Quote:
Originally posted by dsavitsk
I generally think TCJ is pretty good, but I think that's a really disappointing article. First, he analyzes a circuit that he calls an Ultrapath,

Click the image to open in full size.

but which isn't.

Then he analyzes an actual Ultrapath circuit, about which he sets up a straw-man argument, and says the circuit is terrible. The straw-man, in this case, is that the Ultrapath has poor PSRR. Of course, we all know it has poor PSRR and requires some real work on the power supply, but the article assumes we all have noisy power supplies, and that the circuit is thus a poor choice.

He leaves out that the signal path is shortened, that there are less caps in the signal path, that Western Electric used this circuit in their repeater amplifiers, and that lots of reasonable people actually like it. And, I think it is worth noting that beneath the letter entry where he, using the time honored journalistic method of finding someone to say what you want to say, declares the U-P to be “Ultra-pathetic”, he tries to sell his own circuit boards. This is, of course, fine, but worth noting. Anyway, as I say, a disappointing article.
Regardless of what the Ultrapath actually is and , what Broskie said had to do with referencing the cathode capacitor to B+ instead of ground. In all of these cases he is correct.

Please elaborate how the signal path is shortened, or how there are less caps in the signal path. I believe you are incorrect, although I would love to be proven wrong here.
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Old 6th October 2008, 07:09 AM   #34
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Join Date: Mar 2008
Thumbs up Forming a local circuit ...

Quote:
Originally #33 posted by dsavitsk


...

He leaves out that the signal path is shortened, that there are less caps in the signal path, that Western Electric used this circuit in their repeater amplifiers, and that lots of reasonable people actually like it. And, I think it is worth noting that beneath the letter entry where he, using the time honored journalistic method of finding someone to say what you want to say, declares the U-P to be “Ultra-pathetic”, he tries to sell his own circuit boards. This is, of course, fine, but worth noting. Anyway, as I say, a disappointing article.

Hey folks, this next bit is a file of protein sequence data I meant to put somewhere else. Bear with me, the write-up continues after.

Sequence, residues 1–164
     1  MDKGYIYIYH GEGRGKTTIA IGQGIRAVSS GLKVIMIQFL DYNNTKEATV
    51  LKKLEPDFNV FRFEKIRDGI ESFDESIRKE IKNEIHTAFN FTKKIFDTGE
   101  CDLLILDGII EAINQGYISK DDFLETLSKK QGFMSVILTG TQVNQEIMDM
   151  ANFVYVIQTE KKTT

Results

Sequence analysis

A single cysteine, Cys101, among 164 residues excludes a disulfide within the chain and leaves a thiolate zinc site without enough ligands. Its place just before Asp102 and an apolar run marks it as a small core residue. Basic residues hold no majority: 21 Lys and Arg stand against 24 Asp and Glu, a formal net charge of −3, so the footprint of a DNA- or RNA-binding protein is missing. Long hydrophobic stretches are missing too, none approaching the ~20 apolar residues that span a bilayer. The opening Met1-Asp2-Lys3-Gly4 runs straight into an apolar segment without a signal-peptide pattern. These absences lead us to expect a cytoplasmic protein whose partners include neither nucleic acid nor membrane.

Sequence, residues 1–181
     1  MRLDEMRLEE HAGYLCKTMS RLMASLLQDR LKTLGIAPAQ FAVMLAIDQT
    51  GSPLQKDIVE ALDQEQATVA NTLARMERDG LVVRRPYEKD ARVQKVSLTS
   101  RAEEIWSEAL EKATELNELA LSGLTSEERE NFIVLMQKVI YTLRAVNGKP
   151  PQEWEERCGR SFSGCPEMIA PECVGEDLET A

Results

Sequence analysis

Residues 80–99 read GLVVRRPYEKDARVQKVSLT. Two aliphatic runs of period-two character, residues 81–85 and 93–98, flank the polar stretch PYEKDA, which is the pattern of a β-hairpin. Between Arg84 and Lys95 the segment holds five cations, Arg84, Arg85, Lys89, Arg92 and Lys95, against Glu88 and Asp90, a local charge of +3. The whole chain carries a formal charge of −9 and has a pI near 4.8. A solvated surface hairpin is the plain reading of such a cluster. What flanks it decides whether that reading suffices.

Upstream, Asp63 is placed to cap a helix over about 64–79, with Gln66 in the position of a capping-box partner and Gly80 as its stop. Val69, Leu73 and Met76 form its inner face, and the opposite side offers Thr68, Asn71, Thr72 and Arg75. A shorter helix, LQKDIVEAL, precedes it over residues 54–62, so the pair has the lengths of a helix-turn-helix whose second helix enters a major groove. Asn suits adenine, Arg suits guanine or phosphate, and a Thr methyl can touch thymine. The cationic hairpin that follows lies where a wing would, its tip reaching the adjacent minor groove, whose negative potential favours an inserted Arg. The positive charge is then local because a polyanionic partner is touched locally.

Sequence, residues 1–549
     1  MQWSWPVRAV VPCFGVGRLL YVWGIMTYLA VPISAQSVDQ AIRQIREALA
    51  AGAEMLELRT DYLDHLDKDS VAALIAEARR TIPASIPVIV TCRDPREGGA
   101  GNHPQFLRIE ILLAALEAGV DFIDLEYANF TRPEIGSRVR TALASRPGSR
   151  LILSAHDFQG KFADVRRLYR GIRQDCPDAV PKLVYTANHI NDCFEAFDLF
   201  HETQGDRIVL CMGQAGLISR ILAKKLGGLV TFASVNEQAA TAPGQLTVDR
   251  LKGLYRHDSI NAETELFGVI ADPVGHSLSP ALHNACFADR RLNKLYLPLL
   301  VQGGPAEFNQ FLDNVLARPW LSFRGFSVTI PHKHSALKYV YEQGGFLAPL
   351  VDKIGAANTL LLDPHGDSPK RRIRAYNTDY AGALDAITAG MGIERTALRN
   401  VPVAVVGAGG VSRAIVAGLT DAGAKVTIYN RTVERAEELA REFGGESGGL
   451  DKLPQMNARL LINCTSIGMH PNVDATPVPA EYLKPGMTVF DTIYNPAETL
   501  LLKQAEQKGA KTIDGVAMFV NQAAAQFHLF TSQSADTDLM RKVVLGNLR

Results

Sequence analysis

Thanks for your post, dsavitsk.
The 'signal path' goes from input to output.
Forming a local signal (current) loop in the output circuit is the most important aspect here.
I think this is what you wanted to point out. See the red loop link.


Kind regards,
Darius
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Old 6th October 2008, 10:04 AM   #35
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Join Date: Mar 2008
Default #33

Quote:
Originally #33 posted by Cauhtemoc

Regardless of what the Ultrapath actually is and , what Broskie said had to do with referencing the cathode capacitor to B+ instead of ground. In all of these cases he is correct.

...
Hello Cauhtemoc

Please note that there is no need for a cathode capacitor.
The "ultrapath cap" is the last smoothing cap.
Conventional "ultrapath" SE schematic

Quote:
Originally #33 posted by Cauhtemoc

...
Please elaborate how the signal path is shortened, or how there are less caps in the signal path. I believe you are incorrect, although I would love to be proven wrong here.
See post #34

Kind regards,
Darius
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Old 6th October 2008, 11:08 AM   #36
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Default Re: #33

Quote:
Originally posted by oldeurope
Please note that there is no need for a cathode capacitor.
The "ultrapath cap" is the last smoothing cap.
Call it what you like, but the "ultrapath cap" you speak of is nonetheless a cathode bypass capacitor, it just connects to B+ instead of ground.